There are a couple of other factors that might influence your choices in Somnium. Some dreams branch and lead down different timelines – the path you take will ultimately lead to a different segment of the game’s story. Often choices will include what’s called a “timie,” a consumable that either reduces the time of a future action or sets it to a specific value. These are useful for reducing the time you are spending on actions and essential for completing some Somnium. And any choice you’ve never chosen before gives you “eyeballs,” a metagame currency you can spend for alternate costumes for your AI companions. Eyeballs are also awarded for finding hidden spots in Somnium as well as completing a Somnium with time left over. They’re totally optional but they do add some additional reason to engage with choices which are not obviously beneficial in any other way.

In a visual novel game like this, the story and characters are ultimately the pieces that keep you engaged. So far, I’m compelled by what I see. A lot of the early parts of the game are focused on establishing Ryuki and his AI partner Tama, who are new characters to this setting. While characters from the original game are still present and you do interact with them, it’s clear that the newer members of the cast are going to be the real stars of the show this time – with the possible exceptions of Mizuki and Aiba, who are billed as joint protagonists with Ryuki. The returning characters bring a pleasant familiarity while the newer characters are just as quirky. I can already imagine which ones they want to set up as early red herrings in terms of pointing towards suspects, and similar to the first game there’s a lot left up in the air as far as what pseudoscientific forces do and don’t exist in this world. Conspiracy theories already abound and I can imagine that they will only get deeper as the game goes on.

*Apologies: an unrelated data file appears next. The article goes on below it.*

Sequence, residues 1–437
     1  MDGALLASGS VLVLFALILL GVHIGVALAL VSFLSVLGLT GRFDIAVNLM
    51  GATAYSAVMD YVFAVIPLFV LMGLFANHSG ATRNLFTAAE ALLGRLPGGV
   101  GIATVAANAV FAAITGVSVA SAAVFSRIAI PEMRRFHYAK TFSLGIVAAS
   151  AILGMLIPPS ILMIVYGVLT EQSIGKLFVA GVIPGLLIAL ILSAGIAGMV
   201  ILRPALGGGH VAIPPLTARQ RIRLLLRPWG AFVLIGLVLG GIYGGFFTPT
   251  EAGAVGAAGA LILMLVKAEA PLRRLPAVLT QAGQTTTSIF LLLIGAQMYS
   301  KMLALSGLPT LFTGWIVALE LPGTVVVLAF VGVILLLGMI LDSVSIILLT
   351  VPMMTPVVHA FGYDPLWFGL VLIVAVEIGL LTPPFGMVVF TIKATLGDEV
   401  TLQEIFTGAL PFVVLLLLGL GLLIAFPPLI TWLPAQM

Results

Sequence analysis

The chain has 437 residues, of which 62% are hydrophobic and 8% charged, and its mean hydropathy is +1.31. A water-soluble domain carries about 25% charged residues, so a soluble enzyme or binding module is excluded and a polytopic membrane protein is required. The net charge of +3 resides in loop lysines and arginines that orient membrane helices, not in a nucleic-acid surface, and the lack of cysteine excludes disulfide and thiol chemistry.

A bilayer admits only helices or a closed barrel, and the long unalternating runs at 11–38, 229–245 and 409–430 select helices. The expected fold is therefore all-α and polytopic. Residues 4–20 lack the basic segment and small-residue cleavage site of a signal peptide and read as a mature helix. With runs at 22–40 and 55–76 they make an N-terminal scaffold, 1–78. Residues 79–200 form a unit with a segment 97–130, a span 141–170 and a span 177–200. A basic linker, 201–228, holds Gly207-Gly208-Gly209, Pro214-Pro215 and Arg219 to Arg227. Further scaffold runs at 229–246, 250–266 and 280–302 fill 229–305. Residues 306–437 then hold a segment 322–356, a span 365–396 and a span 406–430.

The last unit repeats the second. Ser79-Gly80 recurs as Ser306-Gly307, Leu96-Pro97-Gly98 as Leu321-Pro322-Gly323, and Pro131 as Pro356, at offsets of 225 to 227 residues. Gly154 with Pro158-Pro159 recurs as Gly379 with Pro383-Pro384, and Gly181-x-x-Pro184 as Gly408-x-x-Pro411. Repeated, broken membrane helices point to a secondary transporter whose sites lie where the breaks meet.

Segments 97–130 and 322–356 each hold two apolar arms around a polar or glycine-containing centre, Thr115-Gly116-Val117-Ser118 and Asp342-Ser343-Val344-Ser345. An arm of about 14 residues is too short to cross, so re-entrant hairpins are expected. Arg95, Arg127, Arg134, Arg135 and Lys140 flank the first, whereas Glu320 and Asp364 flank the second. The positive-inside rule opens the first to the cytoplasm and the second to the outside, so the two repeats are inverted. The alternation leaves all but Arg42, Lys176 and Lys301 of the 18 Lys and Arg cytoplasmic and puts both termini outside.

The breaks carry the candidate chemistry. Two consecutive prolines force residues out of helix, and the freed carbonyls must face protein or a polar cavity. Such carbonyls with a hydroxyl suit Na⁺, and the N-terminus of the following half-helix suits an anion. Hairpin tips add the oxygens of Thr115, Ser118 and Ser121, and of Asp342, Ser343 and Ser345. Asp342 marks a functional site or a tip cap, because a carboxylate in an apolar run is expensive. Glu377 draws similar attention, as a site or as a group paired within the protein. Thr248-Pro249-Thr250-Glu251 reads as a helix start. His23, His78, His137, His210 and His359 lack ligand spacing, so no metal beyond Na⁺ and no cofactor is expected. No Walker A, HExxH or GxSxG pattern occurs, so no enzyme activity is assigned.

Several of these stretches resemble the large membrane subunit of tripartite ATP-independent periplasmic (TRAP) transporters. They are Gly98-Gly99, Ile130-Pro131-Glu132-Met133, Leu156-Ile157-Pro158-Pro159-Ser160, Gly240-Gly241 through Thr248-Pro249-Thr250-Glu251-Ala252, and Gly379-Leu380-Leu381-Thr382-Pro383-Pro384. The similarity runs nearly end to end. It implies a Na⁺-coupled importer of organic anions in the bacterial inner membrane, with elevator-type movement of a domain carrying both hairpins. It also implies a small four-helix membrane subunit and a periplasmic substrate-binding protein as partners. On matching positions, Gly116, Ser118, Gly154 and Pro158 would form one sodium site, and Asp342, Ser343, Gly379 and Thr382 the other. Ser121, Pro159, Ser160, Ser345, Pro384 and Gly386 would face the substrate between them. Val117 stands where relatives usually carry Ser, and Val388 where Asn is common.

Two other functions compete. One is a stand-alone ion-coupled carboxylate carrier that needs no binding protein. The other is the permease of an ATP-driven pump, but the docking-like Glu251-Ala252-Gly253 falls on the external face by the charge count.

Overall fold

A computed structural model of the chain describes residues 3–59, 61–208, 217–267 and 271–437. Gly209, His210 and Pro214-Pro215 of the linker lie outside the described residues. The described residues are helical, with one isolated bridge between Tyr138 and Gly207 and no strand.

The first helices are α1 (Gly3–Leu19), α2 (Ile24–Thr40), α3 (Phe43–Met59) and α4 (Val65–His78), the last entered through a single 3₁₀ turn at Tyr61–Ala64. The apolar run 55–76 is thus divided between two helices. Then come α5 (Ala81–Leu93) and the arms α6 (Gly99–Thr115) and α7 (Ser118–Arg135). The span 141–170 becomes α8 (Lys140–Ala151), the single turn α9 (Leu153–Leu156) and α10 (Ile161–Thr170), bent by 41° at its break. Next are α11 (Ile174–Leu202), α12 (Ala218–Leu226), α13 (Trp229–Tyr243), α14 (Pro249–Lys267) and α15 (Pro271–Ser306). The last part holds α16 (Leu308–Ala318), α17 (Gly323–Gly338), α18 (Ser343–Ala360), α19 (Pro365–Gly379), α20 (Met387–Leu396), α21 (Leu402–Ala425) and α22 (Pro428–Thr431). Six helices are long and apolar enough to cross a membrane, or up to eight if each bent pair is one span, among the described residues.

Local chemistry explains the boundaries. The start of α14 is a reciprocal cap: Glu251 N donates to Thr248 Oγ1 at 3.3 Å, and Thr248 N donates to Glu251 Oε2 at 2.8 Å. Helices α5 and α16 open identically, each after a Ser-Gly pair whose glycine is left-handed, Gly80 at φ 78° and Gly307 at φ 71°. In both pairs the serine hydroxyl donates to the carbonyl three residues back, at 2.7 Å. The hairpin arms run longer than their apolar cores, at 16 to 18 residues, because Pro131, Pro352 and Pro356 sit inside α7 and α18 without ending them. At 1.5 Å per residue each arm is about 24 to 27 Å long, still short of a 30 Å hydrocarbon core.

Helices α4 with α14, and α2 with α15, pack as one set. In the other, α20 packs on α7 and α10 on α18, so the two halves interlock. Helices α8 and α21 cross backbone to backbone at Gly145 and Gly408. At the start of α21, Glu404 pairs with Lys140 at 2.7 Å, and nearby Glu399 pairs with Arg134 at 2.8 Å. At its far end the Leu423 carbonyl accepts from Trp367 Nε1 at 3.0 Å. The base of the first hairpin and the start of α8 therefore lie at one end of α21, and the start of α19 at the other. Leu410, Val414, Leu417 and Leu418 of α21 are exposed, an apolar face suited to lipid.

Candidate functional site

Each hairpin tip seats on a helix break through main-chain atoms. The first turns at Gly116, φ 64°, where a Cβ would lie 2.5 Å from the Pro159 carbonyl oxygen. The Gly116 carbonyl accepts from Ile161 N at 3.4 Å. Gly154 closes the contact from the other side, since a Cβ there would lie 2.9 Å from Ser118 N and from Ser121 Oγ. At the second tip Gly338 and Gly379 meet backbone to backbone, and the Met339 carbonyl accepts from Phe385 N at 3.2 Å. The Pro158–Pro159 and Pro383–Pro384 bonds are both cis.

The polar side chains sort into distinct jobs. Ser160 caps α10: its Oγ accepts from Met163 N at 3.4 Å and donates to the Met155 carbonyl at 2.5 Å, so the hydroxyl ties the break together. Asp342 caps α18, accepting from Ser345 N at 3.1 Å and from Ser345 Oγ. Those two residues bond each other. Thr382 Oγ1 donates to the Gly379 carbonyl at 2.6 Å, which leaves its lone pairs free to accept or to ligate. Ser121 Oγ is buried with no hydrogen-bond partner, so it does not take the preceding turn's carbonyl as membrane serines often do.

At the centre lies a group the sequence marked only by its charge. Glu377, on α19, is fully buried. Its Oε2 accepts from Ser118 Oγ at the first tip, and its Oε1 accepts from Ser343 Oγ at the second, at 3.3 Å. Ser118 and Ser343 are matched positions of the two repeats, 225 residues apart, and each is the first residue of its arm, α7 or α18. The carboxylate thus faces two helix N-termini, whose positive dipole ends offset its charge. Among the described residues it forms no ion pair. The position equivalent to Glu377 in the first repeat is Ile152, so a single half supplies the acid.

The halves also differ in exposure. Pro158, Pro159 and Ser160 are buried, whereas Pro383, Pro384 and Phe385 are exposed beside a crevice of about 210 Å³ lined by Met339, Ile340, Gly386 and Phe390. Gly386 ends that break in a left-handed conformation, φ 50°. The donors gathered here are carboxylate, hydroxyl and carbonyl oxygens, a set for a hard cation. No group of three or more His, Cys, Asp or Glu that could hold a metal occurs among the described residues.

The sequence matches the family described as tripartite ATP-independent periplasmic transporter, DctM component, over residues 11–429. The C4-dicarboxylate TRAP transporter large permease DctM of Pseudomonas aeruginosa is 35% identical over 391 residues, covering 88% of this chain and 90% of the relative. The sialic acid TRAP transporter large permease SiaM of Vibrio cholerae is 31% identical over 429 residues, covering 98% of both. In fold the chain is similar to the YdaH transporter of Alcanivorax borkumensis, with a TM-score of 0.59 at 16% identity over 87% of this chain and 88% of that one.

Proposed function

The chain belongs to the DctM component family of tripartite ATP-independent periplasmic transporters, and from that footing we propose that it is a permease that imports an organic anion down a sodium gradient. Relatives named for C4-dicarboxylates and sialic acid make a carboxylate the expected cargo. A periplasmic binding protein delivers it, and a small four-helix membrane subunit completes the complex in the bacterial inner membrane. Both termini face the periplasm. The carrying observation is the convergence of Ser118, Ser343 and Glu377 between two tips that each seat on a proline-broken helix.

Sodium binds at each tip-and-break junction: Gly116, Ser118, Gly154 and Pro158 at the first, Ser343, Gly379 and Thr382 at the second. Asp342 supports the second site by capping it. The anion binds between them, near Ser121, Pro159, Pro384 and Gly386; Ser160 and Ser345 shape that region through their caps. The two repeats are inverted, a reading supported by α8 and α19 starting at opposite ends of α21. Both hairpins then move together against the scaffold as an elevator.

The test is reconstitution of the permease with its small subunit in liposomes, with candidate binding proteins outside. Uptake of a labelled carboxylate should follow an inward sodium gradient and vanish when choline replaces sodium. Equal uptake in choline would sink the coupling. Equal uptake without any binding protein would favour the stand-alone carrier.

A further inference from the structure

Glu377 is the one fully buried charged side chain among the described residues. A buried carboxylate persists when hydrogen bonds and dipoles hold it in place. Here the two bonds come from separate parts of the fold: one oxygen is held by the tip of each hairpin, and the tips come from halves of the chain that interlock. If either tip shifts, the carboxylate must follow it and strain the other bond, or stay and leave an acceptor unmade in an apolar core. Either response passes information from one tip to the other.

So far I am enjoying my time with nirvanA Initiative. It builds logically on the original while presenting some interesting new characters and a scenario that I’m curious to learn more about. The Somnium gameplay has added features while still retaining the core appeal of that style of puzzle. It’s hard to say anything definitive this early on; I’ll be looking to see that the story maintains its momentum, that the characters are compelling, and that the gameplay adds to the experience rather than simply serving as the obligatory “game” part of the video game. I’m excited to play more and see if it lives up to my positive regard for the original.